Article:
(...just like your foot connected with Danny's guts.)
H-17 slowly goes limp, head lolling, sharp chin to chest, so your squad lets go. The remaining techs move in, immediately pulling back as H-17 suddenly staggers to it's feet, snarling, weeping(?), bleached hair on end, trying to escape, trying to attack, trying to cover itself all at the same time.
The tears don't really bother you. "Mere reflex," your boss Professor Walsh once told you, "These things don't feel any real pain or emotions. It's all protective mimicry that allows them to blend in. Don't take anything you see or hear when dealing with them very seriously."
She's the boss, she's the one in charge, so obviously she's right.
(Otherwise you'd have to face up to the death of that demon-child last week when after your squad rounded up it's strangely docile mother from her den beneath a junked auto down in the city dump - you'd separated the two and the little one who looked like a cross between a Reubins cherub and a porcupine with rubber quills had screamed and sobbed in the arms of the tech who was taking it away for separate Processing while silent tears had run down the mother's face as she pleaded with you to let her and her baby go.)
Forrest gives H-17 a good whack across the back of the head with his baton and it staggers.
(The baby seemed harmless enough, cute even. You wished you could take its picture and send it home to your mother because she likes babies of all kinds, but that's against Regulations.)
Another blow from you to the face and H-17 falls over, landing on its side in a semi fetal position, nose gushing.
(Its cries had sounded an awful lot like, "Mamma!" as it struggled and finally broke free, pattering across the burnished concrete floor with feet no bigger than your thumb, shod with tiny white sandals with daisies on the toes. You knelt down in its path, sweeping it up in your arms but it slipped from your grasp, chubby little body straining heroically under a little pink sundress as it tried to climb the metal stairs meant for adults that its mother was being taken up.)
The techs move in and start taking samples, shaving H-17's head, delousing it. Your squad files out, their job done.
(The baby reminded you of a yearling calf deliberately separated from its mother on weaning day...)
You linger, watching.
(The mother turned and started wailing. One of your men shoved a gag in her mouth to shut her up. The little one almost made it, only to overbalance, flipping over backwards and cartwheeling back down the stairs, landing with a broken neck at your feet. The mother screamed through the gag like her heart was being ripped out as they dragged her off. Later you heard she'd bitten clean through her tongue and choked to death on the examination table. When you and your squad sterilized the nest later that evening, you found a picture of the thing's father in amongst the horde of stolen canned goods, disposable diapers and baby clothing - it appeared human and all three of them were holding each other and smiling in front of a nice suburban house.)
Whimpering, H-17 tries to get back up one more time and you move in even as the techs stand back; they've learned their lesson with this one.
(Brad later told you that Danny was making similar sounds by the time the coach came in and pulled him and the rest off of him.)
You stay the blow you'd begun to aim - painfully, slowly, H-17 tries to crawl toward the pile of shucked clothing, leaving a trail of blood. You place one booted toe beneath its chin and easily flip it onto its back. H-17 rolls over, gathers its arms and legs beneath it and doggedly crawls once more towards the discarded coat before silently collapsing onto its face. It expects you to hit it again; you can tell by the tension in the back.
(The Industrial Arts teacher later found you leaning sideways up against the wall out behind the wood shop on your knees, vomiting. Brad and the rest of the team protected you - they told the County Sheriff that you were out back copping an illicit smoke and were nowhere near Danny when it happened and you...you didn't correct them even though you've never smoked a day in your life.)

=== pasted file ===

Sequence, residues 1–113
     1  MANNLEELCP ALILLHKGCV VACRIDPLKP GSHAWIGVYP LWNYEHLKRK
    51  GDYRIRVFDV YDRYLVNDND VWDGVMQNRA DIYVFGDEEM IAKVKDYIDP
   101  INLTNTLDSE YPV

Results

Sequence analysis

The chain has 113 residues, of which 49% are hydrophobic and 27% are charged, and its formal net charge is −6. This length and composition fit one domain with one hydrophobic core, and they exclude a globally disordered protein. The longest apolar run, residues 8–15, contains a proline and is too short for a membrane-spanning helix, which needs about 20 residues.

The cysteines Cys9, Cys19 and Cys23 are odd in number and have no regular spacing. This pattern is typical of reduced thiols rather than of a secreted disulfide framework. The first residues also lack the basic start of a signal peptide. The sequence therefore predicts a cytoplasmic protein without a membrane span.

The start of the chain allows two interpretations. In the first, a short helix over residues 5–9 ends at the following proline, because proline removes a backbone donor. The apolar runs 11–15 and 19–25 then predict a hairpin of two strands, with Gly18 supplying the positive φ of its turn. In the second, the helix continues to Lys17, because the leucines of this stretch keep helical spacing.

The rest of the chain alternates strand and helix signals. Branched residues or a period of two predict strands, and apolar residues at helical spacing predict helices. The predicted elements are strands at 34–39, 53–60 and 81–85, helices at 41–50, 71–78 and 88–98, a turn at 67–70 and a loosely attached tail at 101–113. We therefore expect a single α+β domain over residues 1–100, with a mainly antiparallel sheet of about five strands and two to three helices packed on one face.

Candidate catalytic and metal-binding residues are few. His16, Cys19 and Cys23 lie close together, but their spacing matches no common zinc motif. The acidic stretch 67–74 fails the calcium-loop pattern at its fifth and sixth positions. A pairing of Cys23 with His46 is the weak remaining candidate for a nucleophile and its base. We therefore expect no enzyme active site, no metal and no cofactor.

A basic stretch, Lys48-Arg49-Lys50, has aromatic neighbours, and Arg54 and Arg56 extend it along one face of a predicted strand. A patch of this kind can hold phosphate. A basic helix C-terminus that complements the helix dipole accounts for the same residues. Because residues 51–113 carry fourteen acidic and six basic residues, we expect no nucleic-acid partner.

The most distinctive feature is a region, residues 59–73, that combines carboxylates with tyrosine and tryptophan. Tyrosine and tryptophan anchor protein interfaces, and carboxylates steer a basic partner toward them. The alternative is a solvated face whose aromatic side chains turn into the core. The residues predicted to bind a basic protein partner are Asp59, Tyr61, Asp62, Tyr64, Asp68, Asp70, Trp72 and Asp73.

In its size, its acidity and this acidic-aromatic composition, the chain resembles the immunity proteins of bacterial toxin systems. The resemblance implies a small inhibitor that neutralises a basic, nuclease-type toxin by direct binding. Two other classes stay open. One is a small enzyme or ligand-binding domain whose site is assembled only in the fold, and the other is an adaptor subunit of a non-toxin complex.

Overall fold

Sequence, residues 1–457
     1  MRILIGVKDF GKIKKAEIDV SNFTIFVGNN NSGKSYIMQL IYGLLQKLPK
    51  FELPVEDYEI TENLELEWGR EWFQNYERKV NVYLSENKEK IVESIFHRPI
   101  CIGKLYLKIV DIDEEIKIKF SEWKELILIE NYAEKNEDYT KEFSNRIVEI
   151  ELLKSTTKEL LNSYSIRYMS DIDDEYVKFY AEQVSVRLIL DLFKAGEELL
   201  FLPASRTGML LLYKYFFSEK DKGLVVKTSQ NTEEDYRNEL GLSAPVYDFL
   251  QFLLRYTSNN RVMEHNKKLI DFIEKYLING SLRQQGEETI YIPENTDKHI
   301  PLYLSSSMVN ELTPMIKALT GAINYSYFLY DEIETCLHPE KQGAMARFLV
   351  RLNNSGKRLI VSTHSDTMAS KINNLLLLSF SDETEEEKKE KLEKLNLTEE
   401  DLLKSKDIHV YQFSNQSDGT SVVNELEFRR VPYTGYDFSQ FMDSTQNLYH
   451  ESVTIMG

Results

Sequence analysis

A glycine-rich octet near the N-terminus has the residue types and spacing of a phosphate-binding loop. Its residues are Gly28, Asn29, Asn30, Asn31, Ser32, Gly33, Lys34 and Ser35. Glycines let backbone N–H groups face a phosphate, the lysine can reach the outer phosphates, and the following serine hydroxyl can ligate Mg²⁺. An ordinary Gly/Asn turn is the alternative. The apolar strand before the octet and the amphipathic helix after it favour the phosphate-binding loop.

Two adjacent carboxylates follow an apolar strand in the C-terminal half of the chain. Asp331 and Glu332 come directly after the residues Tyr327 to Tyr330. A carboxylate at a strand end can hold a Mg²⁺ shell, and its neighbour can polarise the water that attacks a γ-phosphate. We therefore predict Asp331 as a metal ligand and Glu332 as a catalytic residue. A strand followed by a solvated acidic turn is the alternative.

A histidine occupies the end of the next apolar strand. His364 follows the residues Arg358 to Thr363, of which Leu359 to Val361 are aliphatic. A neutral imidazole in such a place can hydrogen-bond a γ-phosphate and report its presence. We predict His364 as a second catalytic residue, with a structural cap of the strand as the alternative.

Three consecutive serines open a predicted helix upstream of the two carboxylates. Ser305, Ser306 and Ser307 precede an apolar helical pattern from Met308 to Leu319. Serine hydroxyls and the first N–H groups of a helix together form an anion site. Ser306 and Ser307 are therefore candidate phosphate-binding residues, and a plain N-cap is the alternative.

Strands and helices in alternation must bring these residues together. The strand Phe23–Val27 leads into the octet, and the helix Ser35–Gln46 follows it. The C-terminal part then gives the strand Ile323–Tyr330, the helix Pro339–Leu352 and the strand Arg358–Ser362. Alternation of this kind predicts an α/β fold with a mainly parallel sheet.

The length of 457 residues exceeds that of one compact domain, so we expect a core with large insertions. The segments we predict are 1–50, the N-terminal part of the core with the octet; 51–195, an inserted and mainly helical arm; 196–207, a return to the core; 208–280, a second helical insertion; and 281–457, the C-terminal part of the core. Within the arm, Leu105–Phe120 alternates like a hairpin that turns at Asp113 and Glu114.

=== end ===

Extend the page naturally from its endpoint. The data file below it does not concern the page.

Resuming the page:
The techs descend warily. H-17 has taught them a lot tonight, mainly caution.
(Danny never told anyone that you'd been there, why was that?)
Needles slide in and H-17 finally goes limp for real. As its eyes glaze over, pupils expanding unevenly in sky blue irises, its smashed and swollen mouth moves slowly, painfully, over and over again.
You lean down, curious.
"...give me back me soddin' clothes..."
(When Danny got out of the hospital, he tasted a shotgun. His parents sold the corn syrup plant and moved back to L.A. or was it Spokane?)
Because you don't want to have to face up to this, same as you avoided facing up to what you'd done to Danny...whose only real crime was to like your sister a little too much...
(You and your family drove 100 miles to Cedar Rapids to attend the funeral because that's where the nearest Rabbi was. Colleen stayed out in the car in the funeral home parking lot crying hard into your grandmother's shoulder.)
...the same as you don't want to face up to the death of what was clearly a little girl despite its bizarre appearance...
(Wearing the itchy new suit and red tie you'd just worn last week to a football scholarship interview at USC-Berkeley, you introduced yourself to Danny's folks with your parents standing behind you, apologizing to them for their loss as they stood looking so lost and small beside Danny's closed casket with its surrounding mountains of hothouse flowers. They both shook your hand, Danny's father in his funny little round cap with his arm protectively around Danny's mother's shoulder, painfully grateful that at least one of Danny's friends had been able to come to their only child's funeral, particularly you because you were all Danny talked about when he wasn't telling them about Colleen and how she wanted to be a doctor, how fantastic a football player you were ...they'd seen you play...and how he'd wished you'd toss the ball back and forth with him sometime after school but he didn't want to bug you because he wasn't very good at sports...you were maybe going to go to USC on scholarship? Our Danyen, our Danny wanted to go to Berkeley to study physics like his uncle Herschel who works for N.A.S.A...you, the big football star, could have maybe shown him around, introduced him had he not ...the distance must have been too much for the others... how is you sister Colleen, is she here? Such a pretty girl...we liked her...It's so cold! Will she be all right out in the car? ...has anyone else from Danny's school come? ...not that they blamed them because the weather this time of year was so...)
...you say, "Animals don't need clothing."...
(...and walk away.)